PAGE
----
New York Gov. Andrew Cuomo announced that fitness centers across the state can open Aug. 24 (read about the restrictions here), but a spokesperson for New York City Mayor Bill de Blasio says safety inspections for daycares and schools come first—and it could take weeks for gyms to reopen in the city.
It’s aggravating, especially when you read terms such as “CrossFit and other plyometric boxes,” which clearly indicate the government doesn’t understand the difference between a coaching business and a pay-for-access gym. It’s up to us to show them the difference. This is the time to own a coaching business, not a gym.
What’s a coach’s primary job?
To get clients results. Period.
Not to be the person who knows the most. To be the person who keeps clients showing up long enough to change their lives. That means understanding human behavior.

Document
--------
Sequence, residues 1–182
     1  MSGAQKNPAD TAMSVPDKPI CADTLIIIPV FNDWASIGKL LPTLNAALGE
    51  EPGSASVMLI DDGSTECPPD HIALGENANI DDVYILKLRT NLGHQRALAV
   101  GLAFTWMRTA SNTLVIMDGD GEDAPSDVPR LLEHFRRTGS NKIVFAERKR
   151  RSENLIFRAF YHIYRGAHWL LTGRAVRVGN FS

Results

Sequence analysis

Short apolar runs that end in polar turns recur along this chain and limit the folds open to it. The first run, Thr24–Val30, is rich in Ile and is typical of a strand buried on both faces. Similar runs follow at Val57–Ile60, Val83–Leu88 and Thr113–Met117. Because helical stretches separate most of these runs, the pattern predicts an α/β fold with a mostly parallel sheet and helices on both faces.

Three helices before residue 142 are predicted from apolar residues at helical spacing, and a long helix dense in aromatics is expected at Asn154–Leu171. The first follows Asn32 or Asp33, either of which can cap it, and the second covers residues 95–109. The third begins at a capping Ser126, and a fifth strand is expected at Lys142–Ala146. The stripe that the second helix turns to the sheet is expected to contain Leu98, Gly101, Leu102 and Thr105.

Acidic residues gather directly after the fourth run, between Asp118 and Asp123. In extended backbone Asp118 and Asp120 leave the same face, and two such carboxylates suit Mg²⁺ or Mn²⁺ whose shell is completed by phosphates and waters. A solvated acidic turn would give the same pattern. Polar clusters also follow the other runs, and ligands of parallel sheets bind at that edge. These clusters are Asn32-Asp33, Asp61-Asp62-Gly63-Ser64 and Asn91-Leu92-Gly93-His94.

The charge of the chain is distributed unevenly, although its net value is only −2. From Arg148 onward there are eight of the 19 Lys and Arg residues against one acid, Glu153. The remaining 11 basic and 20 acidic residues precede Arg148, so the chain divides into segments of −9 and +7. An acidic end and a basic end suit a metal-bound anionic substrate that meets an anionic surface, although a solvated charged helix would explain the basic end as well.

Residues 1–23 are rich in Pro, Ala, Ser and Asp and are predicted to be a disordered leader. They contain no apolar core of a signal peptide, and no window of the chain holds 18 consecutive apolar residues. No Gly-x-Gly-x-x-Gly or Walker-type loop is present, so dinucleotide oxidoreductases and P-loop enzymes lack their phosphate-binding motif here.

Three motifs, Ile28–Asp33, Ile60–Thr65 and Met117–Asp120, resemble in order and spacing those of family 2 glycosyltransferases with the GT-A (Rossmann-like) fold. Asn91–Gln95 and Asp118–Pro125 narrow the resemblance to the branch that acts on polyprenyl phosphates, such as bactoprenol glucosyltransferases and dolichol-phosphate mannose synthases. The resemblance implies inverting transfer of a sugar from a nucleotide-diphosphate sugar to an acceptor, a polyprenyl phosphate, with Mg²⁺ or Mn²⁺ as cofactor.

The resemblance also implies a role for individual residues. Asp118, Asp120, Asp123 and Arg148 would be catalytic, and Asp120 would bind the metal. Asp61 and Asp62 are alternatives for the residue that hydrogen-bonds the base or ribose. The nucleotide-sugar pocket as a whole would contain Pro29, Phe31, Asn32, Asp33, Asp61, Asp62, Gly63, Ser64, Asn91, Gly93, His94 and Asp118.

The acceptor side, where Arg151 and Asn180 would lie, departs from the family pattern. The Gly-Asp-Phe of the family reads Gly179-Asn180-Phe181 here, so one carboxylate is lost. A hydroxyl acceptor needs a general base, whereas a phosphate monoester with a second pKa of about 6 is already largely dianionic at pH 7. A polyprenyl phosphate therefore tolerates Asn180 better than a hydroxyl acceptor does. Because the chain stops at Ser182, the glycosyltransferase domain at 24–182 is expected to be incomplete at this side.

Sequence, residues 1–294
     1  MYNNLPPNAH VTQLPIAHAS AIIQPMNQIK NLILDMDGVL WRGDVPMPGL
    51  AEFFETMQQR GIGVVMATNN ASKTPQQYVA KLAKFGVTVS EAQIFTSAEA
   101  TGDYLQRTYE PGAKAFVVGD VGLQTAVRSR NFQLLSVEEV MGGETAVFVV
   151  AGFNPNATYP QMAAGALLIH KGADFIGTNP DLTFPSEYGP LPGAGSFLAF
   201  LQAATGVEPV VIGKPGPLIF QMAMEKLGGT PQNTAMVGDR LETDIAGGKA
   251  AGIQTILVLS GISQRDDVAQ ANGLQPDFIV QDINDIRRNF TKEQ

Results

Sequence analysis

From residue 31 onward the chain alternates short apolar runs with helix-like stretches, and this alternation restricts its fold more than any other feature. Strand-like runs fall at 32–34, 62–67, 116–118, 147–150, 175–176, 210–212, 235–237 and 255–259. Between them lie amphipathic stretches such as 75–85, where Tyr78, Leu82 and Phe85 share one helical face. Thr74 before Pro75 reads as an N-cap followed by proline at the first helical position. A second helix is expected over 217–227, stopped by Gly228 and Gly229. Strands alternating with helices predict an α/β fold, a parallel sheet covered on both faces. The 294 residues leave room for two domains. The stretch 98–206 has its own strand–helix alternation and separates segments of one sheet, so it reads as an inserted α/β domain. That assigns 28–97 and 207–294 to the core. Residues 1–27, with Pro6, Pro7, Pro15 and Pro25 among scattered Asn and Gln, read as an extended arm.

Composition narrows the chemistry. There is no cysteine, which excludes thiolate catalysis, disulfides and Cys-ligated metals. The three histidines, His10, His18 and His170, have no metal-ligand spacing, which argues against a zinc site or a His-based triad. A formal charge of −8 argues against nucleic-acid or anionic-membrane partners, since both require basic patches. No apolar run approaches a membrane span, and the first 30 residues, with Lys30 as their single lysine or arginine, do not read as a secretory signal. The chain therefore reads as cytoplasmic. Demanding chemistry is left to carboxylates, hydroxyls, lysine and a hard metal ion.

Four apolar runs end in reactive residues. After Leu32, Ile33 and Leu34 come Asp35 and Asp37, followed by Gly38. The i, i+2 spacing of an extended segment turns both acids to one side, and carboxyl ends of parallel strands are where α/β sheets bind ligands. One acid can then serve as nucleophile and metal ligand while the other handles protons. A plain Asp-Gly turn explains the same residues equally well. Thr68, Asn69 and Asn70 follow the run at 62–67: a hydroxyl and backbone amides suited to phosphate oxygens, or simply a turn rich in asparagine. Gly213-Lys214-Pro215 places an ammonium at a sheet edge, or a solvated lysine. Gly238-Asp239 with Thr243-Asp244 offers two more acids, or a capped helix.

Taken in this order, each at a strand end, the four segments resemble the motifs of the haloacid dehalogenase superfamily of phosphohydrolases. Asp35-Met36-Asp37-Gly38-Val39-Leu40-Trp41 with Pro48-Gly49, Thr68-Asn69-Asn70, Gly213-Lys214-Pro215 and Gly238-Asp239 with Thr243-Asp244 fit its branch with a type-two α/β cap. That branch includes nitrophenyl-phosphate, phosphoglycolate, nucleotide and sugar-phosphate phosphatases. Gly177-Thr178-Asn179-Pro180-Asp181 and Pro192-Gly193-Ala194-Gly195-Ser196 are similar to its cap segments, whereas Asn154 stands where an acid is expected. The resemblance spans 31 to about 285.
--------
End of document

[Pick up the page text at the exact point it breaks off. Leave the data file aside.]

Once, a client said, “I just can’t get motivated to do my homework.”
And I responded: “That’s not my job.”
She never came back. I don’t blame her.
Read about how to start people the right way in your gym (and two ways I’ve screwed it up!): “How to Motivate People: The Start.”
Find the first drop-off point in your business. Where do most people quit?
Is it right after your on-ramp program? Right after a challenge? At the seven-month mark (the average length of engagement for many microgyms)?
Pull out your Client Journey map.
Add a Goal Review Session a month before the drop-off point.
Measure their progress, review their Bright Spots and give them a new prescription.
And watch the drop-off disappear.